Map that shows the reason for why the Plan of Ayala was called like that (because Zapata had his headquarters close to Villa de Ayala)
Zapata on the right at the presidential palace
Zapata on the right at the presidential palace
“Tierra y Liberdad” – Zapata
“Tierra y Liberdad” – Zapata
Zapata represented change for Mexico.
Zapata represented change for Mexico.
Movie “Viva Zapata!” made in 1952
Movie “Viva Zapata!” made in 1952
Zapata illustrated in a cartoon.
Zapata illustrated in a cartoon.
Illustration by Diego Rivera, 1931
Illustration by Diego Rivera, 1931
This is a video that focuses on Zapata’s love of the land, showing a short idea of how his ideals are still part of today. A video that supports the commemoration of the bicentenary anniversary of Mexico, in a way of remembering old heroes that still need to be recognized by what the video said they did.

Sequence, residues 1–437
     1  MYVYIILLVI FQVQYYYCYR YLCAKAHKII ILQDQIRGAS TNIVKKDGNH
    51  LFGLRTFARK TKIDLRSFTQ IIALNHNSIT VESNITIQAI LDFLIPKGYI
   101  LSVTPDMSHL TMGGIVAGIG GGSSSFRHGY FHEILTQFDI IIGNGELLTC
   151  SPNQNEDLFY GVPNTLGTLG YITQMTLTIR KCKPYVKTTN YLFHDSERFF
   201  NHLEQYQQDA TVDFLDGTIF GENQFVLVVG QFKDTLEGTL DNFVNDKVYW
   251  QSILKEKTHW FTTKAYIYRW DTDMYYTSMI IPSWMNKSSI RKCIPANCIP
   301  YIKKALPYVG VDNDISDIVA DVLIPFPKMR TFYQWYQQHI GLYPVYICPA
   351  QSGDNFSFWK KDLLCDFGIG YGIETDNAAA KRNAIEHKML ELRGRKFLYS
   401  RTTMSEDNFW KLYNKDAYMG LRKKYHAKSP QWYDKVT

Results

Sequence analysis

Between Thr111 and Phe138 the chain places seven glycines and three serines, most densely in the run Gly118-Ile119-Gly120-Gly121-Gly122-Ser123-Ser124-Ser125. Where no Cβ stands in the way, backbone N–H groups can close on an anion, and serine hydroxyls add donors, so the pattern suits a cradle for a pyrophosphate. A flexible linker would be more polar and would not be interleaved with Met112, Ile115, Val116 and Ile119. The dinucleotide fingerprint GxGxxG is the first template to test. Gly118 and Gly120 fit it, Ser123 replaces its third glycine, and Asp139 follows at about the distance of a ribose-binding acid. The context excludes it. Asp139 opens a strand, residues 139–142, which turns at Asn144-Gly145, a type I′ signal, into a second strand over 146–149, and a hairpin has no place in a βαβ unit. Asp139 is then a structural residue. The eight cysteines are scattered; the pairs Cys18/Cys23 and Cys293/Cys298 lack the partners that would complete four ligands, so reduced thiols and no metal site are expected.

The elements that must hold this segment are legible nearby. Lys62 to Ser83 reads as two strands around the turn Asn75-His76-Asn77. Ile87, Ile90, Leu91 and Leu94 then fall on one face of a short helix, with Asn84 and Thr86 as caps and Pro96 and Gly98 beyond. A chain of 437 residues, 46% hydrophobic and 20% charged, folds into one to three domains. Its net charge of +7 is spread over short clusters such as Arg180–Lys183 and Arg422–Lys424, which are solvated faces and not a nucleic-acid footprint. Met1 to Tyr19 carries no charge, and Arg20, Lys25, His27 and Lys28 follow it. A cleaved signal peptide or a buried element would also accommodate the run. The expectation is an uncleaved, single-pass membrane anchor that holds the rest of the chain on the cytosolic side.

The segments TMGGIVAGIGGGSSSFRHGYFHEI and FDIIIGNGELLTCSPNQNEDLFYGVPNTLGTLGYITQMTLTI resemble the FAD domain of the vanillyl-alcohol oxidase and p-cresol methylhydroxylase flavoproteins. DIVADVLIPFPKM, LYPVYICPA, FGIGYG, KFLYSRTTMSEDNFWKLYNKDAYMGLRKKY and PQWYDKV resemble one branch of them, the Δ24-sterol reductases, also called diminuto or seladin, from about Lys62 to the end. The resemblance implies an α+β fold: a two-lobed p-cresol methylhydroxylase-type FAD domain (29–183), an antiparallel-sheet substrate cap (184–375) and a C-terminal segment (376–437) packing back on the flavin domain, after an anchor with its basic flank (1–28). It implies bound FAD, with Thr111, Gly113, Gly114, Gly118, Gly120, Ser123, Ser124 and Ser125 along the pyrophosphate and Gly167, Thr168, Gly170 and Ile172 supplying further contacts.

A video that has Spanish as the language of transmission; however, very good video about the history of Emiliano Zapata.

 Trailer in English about the famous movie made in 1952 about Emiliano Zapata known as “Viva Zapata!”, including Marlon Brando as the main character.

Suggested readings
Keen, Benjamin, and Keith Haynes. A History of Latin America. Boston: Houghton Mifflin Company, 2000.

In pages 279-280, Benjamin Keen focuses on the role of Zapata as the opposition to Huerta, a Mexican dictator at the time. Keen also explains how Zapata intensified his struggle against local landowners in the South and assured the success of the revolutionary movement that sprang up anew in the north because Huerta had a strong political and economical influence on the North. This is a good source shared to describe two other revolutionaries at the time, were Keen focuses on the opposition movement organized by Zapata and the Zapatistas to overthrow Huerta’s influence over Mexico.